For a New Monastic community who have to balance the everyday life of family and employment with prayer and service, a more realistic rhythm of prayer should be established. This will be different for each expression and for the lives of those involved in such communities but it will require, like that of St. Benedict’s, a framework which will hold the community accountable; a framework and guidance as to how much is possible and helpful for prayer to be a priority.

As I said, I find a set time time in the morning, before I start work, and one in the evening just as people are finishing their work. My work often stretches into the evening so that evening prayer is praying that the work of many in my communities will bear fruit for God’s Kingdom. A commonality between such ‘monastic’ communities is an established morning prayer either said at the same time by all the members and, if possible, in the same place. Some have a Night Prayer others an evening, some have midday prayers but each is flexible to help and guide the community to have prayer woven into the routine.

After about five years of a rhythm of prayer (which has changed and evolved) I feel odd when I am not praying at 8.30am a set Office (be that Common Worship or Celtic Daily Prayer). My wife knows that at 5.30pm I will be praying and we have set dinner time around that fact. I schedule meetings around this time and say to people who ‘need’ me,

I’m sorry I have a meeting then.

On occasions I need to adapt and move stuff but that must be done prayerfully and with consideration.

Starting a day with set prayers, for me who is not a morning person, is useful as I don’t need to be ‘up for it’. I turn up and I am quiet with god. I find I repeat the same quiet prayer before I begin,

Oh Lord, I am so tired, give me strength for today.

I then use this time to go through my day and as I remember all the things I have planned I invite God into them.

Lord, will you be with me as I meet with…

Lord, what is it that you want me to say to…

Lord, help me face this difficult challenge.

I find, as I perform the tasks of the day I remember my prayer that morning and repeat it before I begin, as I do it and after it is done. These are not dedicated times of prayer just quick short repetitions remembering God with me as I go about my business.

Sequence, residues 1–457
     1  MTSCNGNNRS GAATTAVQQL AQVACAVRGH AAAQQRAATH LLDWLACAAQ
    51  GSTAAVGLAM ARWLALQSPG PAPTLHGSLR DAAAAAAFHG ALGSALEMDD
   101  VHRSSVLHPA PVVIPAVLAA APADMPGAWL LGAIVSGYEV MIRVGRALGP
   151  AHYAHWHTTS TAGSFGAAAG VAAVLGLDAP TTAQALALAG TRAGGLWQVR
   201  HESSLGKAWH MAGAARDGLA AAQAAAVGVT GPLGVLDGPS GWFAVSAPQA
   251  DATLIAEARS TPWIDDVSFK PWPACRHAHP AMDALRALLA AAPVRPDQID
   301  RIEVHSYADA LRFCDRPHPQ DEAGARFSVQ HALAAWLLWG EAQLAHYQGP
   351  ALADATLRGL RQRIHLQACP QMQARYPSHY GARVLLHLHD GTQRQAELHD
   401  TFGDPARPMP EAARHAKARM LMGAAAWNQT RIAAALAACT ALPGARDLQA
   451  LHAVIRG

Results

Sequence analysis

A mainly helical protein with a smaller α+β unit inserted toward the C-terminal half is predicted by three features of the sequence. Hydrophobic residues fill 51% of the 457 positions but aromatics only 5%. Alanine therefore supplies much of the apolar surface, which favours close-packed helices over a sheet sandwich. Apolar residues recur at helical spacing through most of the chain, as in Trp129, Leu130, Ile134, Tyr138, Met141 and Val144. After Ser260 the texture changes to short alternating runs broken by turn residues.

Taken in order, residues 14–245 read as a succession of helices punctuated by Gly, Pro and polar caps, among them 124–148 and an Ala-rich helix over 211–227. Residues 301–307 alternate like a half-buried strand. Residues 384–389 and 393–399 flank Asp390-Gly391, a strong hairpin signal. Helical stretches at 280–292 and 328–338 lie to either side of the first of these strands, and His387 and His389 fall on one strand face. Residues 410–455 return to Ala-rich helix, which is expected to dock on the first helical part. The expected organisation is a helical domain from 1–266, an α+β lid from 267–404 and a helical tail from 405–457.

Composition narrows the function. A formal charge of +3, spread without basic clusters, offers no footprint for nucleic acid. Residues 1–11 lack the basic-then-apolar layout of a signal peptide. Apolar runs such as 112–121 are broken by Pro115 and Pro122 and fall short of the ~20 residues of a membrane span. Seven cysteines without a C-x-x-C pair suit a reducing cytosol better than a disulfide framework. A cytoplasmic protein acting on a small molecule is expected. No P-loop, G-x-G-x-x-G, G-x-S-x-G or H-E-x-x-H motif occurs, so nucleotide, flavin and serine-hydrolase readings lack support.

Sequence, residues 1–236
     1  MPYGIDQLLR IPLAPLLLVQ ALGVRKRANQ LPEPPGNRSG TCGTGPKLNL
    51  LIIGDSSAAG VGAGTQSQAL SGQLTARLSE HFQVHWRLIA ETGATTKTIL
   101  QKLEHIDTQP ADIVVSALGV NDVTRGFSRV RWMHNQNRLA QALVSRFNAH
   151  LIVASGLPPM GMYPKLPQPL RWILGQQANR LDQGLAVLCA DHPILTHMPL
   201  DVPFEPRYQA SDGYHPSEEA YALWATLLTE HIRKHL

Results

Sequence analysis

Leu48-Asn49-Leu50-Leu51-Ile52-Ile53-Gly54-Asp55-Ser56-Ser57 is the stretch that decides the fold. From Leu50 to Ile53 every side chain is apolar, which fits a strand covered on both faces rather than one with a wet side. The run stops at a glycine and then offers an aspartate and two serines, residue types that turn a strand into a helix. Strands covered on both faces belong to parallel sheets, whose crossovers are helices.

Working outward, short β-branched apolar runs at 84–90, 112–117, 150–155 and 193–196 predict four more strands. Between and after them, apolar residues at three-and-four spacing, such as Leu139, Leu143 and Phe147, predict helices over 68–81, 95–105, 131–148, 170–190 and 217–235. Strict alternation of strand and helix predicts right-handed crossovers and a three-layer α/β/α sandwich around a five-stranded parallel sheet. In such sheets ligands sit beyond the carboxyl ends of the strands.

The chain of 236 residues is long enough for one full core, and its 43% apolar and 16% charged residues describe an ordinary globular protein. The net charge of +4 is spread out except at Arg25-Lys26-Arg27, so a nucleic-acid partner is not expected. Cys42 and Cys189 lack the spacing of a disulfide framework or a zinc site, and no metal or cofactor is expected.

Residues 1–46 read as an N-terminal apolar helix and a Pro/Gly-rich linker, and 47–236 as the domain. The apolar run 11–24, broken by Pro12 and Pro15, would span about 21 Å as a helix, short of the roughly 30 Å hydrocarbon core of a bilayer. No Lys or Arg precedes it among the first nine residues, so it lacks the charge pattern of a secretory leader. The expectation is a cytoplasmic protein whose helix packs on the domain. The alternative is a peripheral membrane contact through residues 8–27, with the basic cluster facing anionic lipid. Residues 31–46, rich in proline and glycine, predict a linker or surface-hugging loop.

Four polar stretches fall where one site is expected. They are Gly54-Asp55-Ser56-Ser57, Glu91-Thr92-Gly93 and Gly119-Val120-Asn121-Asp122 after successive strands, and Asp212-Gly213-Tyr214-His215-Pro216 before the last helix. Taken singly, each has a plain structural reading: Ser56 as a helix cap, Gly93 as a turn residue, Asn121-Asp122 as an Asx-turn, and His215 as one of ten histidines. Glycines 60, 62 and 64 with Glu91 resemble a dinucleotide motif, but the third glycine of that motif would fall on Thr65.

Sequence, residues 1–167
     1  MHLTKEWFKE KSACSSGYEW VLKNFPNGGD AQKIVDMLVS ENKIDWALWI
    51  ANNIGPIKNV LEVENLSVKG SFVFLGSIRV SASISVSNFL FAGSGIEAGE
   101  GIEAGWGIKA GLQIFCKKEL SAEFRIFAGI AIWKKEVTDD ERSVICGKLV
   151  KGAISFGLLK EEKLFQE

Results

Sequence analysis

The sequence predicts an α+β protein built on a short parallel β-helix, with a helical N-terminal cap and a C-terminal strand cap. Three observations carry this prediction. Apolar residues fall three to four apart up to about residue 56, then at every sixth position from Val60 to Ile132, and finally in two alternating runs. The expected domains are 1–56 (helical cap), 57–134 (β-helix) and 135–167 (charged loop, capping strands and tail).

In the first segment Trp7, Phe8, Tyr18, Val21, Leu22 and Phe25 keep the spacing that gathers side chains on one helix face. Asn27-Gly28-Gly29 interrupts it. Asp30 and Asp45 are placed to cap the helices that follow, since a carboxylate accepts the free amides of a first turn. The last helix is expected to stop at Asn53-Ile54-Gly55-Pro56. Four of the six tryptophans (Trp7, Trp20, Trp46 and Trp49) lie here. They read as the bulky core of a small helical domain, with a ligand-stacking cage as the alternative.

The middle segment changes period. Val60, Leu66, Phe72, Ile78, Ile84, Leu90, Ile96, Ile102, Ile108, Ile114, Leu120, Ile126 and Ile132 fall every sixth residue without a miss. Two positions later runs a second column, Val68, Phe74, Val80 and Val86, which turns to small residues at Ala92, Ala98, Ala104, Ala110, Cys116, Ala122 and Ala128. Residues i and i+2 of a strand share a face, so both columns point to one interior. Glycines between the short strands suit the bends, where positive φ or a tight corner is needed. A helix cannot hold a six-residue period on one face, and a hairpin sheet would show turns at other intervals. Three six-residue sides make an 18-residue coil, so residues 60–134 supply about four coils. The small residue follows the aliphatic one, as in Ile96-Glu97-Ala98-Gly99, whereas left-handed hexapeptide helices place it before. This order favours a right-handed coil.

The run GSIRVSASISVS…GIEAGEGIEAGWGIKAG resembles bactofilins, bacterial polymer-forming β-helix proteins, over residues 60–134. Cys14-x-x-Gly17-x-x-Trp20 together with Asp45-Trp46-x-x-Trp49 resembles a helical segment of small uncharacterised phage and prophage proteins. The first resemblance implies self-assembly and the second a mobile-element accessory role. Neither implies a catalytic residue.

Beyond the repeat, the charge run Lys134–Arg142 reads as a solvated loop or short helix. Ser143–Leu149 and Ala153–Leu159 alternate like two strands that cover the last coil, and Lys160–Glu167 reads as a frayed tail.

This part of my blog has slipped at times from what I had intended it to be. I had wanted this section to be a possible practical step I could take to move from theory to action. This week I want to ponder what this rhythm of prayer looks like in community.

In my parish we offer morning and evening prayer for anyone. Both times are not easy for people to make. There are many reasons why people can’t come but I suspect that anytime would be difficult because rhythms of prayer are not understood and challenge people’s priorities. I sit with one or two others at both times. We have a routine and we are flexible when necessary. I would love to build a community that came together each day to dedicate themselves to prayer together.

To do this in a parish would require a dedicated season studying and teaching on the subject and then a focussed discussion on what that prayer would look like for the members of the community there. I don’t think we ask what prayer looks like as the Body of Christ on a daily basis. This challenges our Sunday focussed life together and also what we see our role in society as.

Lord, call your people to yourself each day to hear and receive all we need from you. Take us from our lives and shape us into disciples, placing us back into those lives changed and equipped for the building up of your Kingdom in the places we are sent.

Come, Lord Jesus.

Chapter 13: lauds – ordinary days


Neither Lauds nor Vespers is to end without the Lord’s Prayer, said aloud by the superior, in a voice all may hear because of the thorns of scandal always springing – so the brothers, remembering their pledge in the prayer: “Forgive us our trespasses, as we forgive those who trespass against us,” may purge themselves.

Why are we different?

After some continued emphasis on the use of psalms St. Benedict ends this chapter with a particularly clever device to ensure no member of the community forgets how community is truly built; forgiveness.

I’ve been reading this chapter during a week of extremely heightened emotions with various friends and family speaking on the contentious issue of same-sex marriage. Whatever anyone thinks on this matter we can all agree that it taps into a deep part of all our identities; if we are for the change in law then it brings out deeply held emotions for friends and family members and our understanding of happiness, justice and love. The same is true if we are against the change. It is a complicated issue, as the Archbishop helpfully highlighted on Saturday in Bury St Edmunds.

The difficult thing has been to be a part of a community, locally and on social media, where people are free to express their deeply held beliefs, which stem from deep seated conditioning, and create conflict, cutting others of different views. It is impossible not to state one’s view without upsetting or dividing from those that believe something different. We are all, at this point in time, acutely aware of all our difference. Is the solution, however, just to forget or minimise them and attempt to express similarities?

I have quoted John Milbank and Stanley Hauerwas many times in my blog and I return to a thought explored in Hauerwas’ book ‘Performing the Faith: Bonhoeffer and the Practice of Nonviolence’. Here Hauerwas uses Milbank’s reflections on the Christian understanding of God as Trinitarian, difference united.

The fact that Christianity has always understood God as the God “who is also difference, who includes relation, and manifold expression” means that any conception of God as monistic is proscribed. (Stanley Hauerwas, “Performing the Faith: Bonhoeffer and the Practice of Nonviolence” (London: SPCK, 2004) p.87, quoting John Milbank, “The Second Difference: For Trinitarianism without Reserve”, Modern Theology 2/3 (April 1986) p. 213)